INTERNET: Twitter Eyes China Ads, Weibo Eyes Car Services

Bottom line: Twitter’s growing pursuit of business from Chinese advertisers shows it is watching the market for a potential future entry, while a new equity tie-up could see Didi Kuaidi’s hired car services launch on Weibo later this year.

Twitter chases China advertisers

Social networking (SNS) pioneer Twitter (NYSE: TWTR) and its Chinese clone Weibo Corp (Nasdaq: WB) are both in the China headlines today, each taking gambles on different parts of the market. After previously saying that China isn’t a market where it can do business, the original Twitter has quietly begun to court local advertisers, even as its actual service remains blocked in the country. Meantime, Weibo, which rose to prominence after Twitter was first blocked in China in 2009, has announced a relatively large new investment in local hired car services leader Didi Kuaidi.

Each of these moves is more significant strategically than financially, as neither involves huge sums of the money. Twitter’s decision to court local Chinese advertisers mirrors a similar action last year by rival Facebook (Nasdaq: FB), and indicates the company may be reconsidering its earlier decision to keep its core SNS business out of China. Meantime, Weibo has become the latest in a growing list of major Internet companies to invest in Didi Kuaidi, which could use the popular Chinese SNS website as a new platform for its fast-expanding hired car services.

Let’s begin with Twitter, whose latest move comes just a year after CEO Dick Costolo made a low-key visit to Shanghai to check out the China market. (previous post) That visit surprised many, since Costolo had previously said that China wasn’t a place where Twitter could do business, due to Beijing’s policies that require new media companies to strictly self-censor their user-generated content for sensitive material.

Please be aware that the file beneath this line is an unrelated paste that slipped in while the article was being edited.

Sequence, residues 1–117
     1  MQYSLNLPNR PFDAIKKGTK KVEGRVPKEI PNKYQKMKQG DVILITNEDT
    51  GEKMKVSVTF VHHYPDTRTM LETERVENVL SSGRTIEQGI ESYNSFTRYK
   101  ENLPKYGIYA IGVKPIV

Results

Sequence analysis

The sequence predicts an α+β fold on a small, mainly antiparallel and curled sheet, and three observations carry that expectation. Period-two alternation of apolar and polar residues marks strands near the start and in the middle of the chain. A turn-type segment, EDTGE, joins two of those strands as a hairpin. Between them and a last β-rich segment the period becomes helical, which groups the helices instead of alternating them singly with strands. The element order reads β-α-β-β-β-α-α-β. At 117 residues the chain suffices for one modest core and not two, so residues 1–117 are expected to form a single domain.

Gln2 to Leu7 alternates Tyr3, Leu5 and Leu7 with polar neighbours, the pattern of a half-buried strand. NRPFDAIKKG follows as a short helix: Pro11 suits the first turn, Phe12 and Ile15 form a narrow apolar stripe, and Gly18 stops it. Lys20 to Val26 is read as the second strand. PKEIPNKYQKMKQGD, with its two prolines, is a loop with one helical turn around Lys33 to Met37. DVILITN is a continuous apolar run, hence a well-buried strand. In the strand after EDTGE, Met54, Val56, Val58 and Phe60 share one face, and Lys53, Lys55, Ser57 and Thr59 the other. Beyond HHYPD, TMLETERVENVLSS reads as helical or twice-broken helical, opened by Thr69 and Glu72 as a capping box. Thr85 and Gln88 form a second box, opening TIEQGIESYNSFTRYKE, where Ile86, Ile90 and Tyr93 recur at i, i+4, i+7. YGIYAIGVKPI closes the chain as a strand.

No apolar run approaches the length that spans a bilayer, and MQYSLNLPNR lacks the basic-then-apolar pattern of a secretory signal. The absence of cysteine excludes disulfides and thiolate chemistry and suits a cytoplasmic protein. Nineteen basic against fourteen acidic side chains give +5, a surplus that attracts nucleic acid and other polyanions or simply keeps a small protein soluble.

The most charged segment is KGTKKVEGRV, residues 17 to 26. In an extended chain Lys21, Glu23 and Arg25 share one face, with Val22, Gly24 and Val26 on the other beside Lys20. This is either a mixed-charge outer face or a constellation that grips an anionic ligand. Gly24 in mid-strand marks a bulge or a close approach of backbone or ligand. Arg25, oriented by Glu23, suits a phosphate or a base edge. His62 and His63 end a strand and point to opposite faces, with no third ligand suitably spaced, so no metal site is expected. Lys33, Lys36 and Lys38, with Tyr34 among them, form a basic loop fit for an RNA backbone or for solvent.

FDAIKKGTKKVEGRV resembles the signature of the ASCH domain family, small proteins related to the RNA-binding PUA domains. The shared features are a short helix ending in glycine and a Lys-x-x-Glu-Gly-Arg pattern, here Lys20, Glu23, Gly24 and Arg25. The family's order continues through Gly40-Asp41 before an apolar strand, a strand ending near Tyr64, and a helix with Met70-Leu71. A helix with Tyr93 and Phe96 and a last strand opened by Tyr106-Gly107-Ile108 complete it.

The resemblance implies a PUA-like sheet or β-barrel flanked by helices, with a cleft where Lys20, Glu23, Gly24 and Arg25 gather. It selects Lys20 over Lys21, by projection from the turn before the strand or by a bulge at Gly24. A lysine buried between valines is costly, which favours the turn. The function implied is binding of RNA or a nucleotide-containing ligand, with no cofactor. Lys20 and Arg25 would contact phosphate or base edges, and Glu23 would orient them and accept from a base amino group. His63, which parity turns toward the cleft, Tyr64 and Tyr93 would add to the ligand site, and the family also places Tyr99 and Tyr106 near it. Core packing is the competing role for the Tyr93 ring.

According to the latest reports, Twitter has quietly begun courting Chinese companies to advertise on its service that boasts more than 300 million users outside of China. (English article) It was holding meetings with potential new advertisers on the sidelines of the first Chinese edition of the famous Las Vegas-based Consumer Electronics Show (CES) taking place this week in Shanghai.

Twitter already works with a number of globally-focused Chinese customers, including e-commerce giant Alibaba (NYSE: BABA) and household appliance maker Haier, and is looking for more such customers, a company official said. A separate unnamed Twitter source was quoted in the same report, giving the official view that Twitter still hopes that China will change its stance on censorship. Still, this kind of action certainly appears to be laying the groundwork for a potential future entry to China, where Twitter would compete with stiff competition from both Weibo and Tecent’s (HKEx: 700) popular WeChat.

Next there’s the news that says Weibo has become the latest company to pile into Didi Kuaidi, which was formed earlier this year through a merger of China’s 2 largest online providers of hired car services. (English article) Weibo disclosed the $142 million investment in a brief one-sentence filing with the US securities regulator, though it didn’t think the news was major enough to issue a separate press release.

Perhaps it didn’t find the investment too newsworthy since it is just the latest of many major companies to buy stakes in Didi Kuaidi. The company’s investors already include Internet giants Alibaba and Tencent , as well as Russian high-tech investor Digital Sky Technologies (DST) and Japan’s Softbank. Alibaba is also a major stakeholder in Weibo itself, which perhaps is how Weibo got the introduction to invest in Didi Kuaidi.

Whatever the case, this particular investment does look like a good move for Weibo, which is still losing money but is rapidly moving towards the break-even line. Hired car services is a rapidly growing area, and Weibo can certainly leverage its big base of 200 million monthly active users to help Didi Kuaidi find new business. Accordingly, I would expect that perhaps we’ll see a bigger, more high-profile announcement about a roll-out of Didi Kuaidi’s services on the Weibo platform in the months ahead.

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